Rebecca Chau, former Hunter MUP student, was awarded the Runner-Up prize in the nationwide ACSP-GPEIG competition for the best international case study completed by a student in the last two years. Her paper, Social Urbanism: Transformational Policy in Medellin, Colombia, was completed in Professor Gutfreund's course on Cities in Developing Countries. It will be published on the ACSP-GPEIG website. Congratulations, Rebecca!
Prof. Matthew Gordon Lasner appeared on The Brian Lehrer Show on WNYC-FM on October 5 to talk about the history of co-ops and condos as part of a series the show is doing in advance of the November mayoral election entitled "The People’s Guide to Power: Real Estate Edition.” Listen to the segment at https://www.wnyc.org/story/new-yorks-first-co-op/.
UPP Chair Joseph Viteritti was a guest on the premiere of Brian Talks New York, hosted by Brian Lehrer, which was aired for the first time on CUNY TV on October 4th.
Faculty member Laura Wolf-Powers has two articles out this fall. One, "Food Deserts and Real Estate-Led Social Policy," argues that the popularity of the "food desert" meme has have led policymakers astray in their responses to food insecurity. It was published in the International Journal of Urban and Regional Research. The other, co-authored with colleagues at University of Illinois and Portland State University, examines the entrepreneurs at the center of the urban "maker" phenomenon and reflects on implications for local manufacturing and economic development policy. It appears in the fall issue of the Journal of the American Planning Association.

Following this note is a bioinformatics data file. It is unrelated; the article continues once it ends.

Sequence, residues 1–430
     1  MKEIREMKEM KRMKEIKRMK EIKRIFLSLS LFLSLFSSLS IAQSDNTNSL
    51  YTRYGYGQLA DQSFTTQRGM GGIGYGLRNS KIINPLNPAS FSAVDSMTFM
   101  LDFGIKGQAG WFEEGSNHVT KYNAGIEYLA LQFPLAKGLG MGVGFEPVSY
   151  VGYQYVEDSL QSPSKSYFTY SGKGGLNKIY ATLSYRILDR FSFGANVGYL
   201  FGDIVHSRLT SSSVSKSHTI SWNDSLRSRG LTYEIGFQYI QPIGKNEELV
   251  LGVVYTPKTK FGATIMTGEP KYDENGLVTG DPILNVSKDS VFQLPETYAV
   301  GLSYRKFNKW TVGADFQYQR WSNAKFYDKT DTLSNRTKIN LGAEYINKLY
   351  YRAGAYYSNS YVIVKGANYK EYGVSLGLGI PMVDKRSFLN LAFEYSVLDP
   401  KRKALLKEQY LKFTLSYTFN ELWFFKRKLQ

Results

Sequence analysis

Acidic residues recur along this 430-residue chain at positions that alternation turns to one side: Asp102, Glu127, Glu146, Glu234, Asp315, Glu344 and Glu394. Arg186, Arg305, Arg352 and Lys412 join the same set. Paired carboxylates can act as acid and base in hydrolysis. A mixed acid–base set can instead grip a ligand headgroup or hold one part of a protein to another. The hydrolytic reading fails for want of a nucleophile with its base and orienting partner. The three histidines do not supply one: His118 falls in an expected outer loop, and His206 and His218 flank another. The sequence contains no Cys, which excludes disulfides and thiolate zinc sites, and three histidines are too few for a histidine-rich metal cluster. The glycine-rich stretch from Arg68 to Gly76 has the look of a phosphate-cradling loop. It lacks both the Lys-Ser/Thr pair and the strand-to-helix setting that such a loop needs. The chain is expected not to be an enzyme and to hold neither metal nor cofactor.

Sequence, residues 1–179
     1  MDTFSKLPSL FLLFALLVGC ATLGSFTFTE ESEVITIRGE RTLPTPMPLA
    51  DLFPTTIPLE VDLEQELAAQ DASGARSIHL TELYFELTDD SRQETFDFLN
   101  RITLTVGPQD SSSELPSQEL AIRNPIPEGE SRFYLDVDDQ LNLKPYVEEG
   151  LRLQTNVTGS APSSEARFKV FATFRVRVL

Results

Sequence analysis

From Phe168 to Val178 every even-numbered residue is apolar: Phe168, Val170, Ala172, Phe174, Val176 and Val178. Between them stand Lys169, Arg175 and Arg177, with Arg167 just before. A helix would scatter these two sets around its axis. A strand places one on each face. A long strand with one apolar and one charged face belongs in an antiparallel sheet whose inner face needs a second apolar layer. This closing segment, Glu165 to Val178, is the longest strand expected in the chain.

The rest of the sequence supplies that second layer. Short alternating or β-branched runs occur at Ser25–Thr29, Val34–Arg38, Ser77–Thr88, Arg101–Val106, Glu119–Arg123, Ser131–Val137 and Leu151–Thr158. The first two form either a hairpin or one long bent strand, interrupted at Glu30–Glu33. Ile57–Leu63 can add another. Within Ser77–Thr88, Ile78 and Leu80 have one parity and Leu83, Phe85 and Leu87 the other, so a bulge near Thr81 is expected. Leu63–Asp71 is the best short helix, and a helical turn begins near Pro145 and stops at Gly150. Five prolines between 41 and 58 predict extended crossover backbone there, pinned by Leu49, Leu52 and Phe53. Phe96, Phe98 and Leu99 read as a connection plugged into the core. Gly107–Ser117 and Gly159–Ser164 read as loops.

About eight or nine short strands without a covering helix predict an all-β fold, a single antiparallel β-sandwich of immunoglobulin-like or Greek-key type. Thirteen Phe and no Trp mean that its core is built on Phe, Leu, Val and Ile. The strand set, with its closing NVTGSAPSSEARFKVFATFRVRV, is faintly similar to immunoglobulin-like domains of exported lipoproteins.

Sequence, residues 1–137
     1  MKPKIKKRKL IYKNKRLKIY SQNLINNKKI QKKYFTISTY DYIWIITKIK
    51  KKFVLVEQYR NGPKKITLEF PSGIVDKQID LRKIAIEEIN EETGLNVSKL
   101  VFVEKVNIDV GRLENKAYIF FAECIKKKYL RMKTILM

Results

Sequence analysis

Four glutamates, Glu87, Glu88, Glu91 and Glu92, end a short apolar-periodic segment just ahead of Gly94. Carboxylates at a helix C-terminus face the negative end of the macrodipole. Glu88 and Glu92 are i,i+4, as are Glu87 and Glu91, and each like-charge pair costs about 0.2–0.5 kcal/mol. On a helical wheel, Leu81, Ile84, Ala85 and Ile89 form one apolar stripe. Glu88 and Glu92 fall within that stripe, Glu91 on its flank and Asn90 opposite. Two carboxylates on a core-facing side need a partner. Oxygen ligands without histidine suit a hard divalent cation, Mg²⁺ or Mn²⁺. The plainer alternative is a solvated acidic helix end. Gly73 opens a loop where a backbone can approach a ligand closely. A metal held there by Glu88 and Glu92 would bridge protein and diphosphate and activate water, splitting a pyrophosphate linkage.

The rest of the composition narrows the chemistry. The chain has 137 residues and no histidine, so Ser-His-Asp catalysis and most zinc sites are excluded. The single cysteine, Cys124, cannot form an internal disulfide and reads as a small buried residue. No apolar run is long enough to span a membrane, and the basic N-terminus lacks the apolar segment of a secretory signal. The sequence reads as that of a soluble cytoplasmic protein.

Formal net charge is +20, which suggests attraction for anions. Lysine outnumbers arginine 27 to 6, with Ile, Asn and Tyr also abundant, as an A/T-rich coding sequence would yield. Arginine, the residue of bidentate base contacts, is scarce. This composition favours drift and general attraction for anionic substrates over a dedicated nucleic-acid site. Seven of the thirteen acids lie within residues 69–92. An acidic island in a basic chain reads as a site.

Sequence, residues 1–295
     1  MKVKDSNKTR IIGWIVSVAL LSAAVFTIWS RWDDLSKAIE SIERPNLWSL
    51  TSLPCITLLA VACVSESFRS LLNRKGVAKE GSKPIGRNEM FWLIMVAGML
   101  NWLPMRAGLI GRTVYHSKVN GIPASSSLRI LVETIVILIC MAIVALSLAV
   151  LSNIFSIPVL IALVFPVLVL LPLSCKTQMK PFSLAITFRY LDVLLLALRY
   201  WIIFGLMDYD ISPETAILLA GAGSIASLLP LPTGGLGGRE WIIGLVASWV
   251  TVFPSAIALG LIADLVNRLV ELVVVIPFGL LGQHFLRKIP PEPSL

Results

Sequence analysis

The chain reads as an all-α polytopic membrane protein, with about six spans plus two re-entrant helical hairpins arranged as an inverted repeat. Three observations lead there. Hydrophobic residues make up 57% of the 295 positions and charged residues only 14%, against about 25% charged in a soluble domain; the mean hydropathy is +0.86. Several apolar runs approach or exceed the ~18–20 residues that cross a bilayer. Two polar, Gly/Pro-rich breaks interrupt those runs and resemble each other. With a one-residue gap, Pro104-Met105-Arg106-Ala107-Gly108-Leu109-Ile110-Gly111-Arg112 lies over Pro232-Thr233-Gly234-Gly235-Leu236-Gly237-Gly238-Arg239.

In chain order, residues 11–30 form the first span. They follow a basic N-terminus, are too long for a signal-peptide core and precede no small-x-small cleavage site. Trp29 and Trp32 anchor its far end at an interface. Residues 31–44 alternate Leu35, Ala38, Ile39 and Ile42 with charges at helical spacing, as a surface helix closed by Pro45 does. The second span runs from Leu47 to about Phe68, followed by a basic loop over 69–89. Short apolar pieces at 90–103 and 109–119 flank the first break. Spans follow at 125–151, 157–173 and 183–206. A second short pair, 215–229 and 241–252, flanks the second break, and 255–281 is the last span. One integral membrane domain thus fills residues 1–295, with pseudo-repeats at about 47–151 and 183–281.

UPP Chair Joseph Viteritti is the author of an essay on Bill de Blasio, Economic Justice, and the Democratic Party in The Nation (September 11, 2017).
Prof. Shipp's book review of "The Folklore of the Freeway: Race and Revolt in the Modernist City" by Eric Avila (2014).
Prof. Jill Simone Gross has been asked to serve as Program Co-Chair for the Urban Politics Section (http://www.apsanet.org/section13) of the American Political Science Association, for their 2018 conference scheduled for August 30 - September 2, 2018 Boston, MA